To develop the code, the International Code Council collaborated with the American Institute of Architects, US Green Building Council, and the American Society of Heating, Refrigeration and Air Conditioning Engineers (ASHRAE), among other appropriate agencies.
The new code creates a mandatory “floor” – enforceable minimum standards on every aspect of building design and construction that now must be reached. These new minimum standards apply to all aspects of building design and construction, including energy and water efficiency, site impacts, building waste, and materials.
Here are some of the new rules of property development as set forth by the new ICC green building code:
Site Development, Land Use: In a big move toward environmental preservation, development on Greenfields (undeveloped land) is no longer acceptable, although there are exceptions based on existing infrastructure. There are new guidelines for site disturbance, irrigation, erosion control, transportation, heat island mitigation, graywater systems, habitat protection, and site restoration…so you too can help save the Round-tailed Ground Squirrel.
Materials: As with California codes, the ICC code requires a minimum of 50% of construction waste must be diverted from landfills, and at least 55% of building materials must be salvaged, recycled-content, recyclable, biobased, or indigenous. Buildings must be designed for at least 60 years of life, and must have a service plan that justifies that. If 600 years ago they built properties that have lasted 600 years, using modern technology for new construction to last 1/10th that time should be easy.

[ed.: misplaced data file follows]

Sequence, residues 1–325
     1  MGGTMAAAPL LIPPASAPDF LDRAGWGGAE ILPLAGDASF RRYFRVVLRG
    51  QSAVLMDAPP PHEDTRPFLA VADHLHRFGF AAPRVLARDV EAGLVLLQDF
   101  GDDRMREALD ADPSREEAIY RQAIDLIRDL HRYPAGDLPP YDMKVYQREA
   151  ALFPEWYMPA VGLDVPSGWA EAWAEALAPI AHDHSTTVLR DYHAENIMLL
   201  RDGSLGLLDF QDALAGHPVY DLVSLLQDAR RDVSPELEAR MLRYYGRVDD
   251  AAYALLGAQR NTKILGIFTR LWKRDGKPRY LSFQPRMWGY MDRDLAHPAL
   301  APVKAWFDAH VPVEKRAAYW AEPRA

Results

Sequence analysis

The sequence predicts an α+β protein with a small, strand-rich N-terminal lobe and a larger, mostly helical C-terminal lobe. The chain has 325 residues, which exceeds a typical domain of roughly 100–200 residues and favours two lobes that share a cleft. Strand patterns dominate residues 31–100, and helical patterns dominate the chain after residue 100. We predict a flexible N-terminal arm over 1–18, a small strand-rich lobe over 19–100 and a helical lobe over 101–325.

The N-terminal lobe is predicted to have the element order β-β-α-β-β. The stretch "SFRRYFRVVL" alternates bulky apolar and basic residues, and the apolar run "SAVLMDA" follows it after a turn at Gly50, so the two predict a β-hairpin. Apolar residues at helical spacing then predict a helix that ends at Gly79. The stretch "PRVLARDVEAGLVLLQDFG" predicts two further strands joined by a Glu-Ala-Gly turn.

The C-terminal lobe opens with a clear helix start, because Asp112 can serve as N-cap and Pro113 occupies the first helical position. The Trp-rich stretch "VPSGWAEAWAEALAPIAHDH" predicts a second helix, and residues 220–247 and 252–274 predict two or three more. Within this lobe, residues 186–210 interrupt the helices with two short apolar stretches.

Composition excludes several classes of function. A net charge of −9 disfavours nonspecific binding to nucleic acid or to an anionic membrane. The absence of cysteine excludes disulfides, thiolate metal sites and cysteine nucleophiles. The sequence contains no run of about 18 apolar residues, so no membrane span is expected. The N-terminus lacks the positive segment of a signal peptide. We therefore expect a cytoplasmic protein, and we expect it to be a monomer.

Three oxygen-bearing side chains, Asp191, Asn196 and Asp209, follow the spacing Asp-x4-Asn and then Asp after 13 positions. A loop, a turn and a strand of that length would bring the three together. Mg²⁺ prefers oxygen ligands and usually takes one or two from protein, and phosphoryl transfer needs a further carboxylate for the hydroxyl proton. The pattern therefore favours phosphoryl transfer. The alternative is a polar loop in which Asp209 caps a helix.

Energy Efficiency: total efficiency must be “51% of the energy allowable in the 2000 International Energy Conservation Code” (IECC), and building envelope performance must exceed that by 10%. It sets minimum standards for lighting and mechanical systems, and requires certain levels of submetering and demand-response automation.
Water Efficiency: The ICC code establishes maximum consumption of fixtures and appliances and sets standards for rainwater storage and graywater systems.
Indoor Air Quality: As you would expect, the new code addresses radon, asbestos, VOCs, sound transmission, and daylight.
Here’s a cute perk…every project is also required to choose an additional “elective,” which pushes the envelope for the developer further. There’s a sexy menu of elective choices, like whole-building life-cycle assessment to more stringent recycled-content.
Local governments and states have the choice of adopting the code – many California cities like West Hollywood, Santa Monica and Berkeley have already implemented their own codes. But, once a city chooses the ICC codes – which require no additional budget – it’s enforceable…but does allow for flexibility within the rules depending upon location and size of building. Also, it’s customizable. Municipalities can add their own requirements on top of the code that address local concerns such as stormwater management or lighting pollution control.
No information was shared on how these new rules will affect cost…we await that information with bated checkbooks. Expect the final code to reach the public late in 1Q 2012.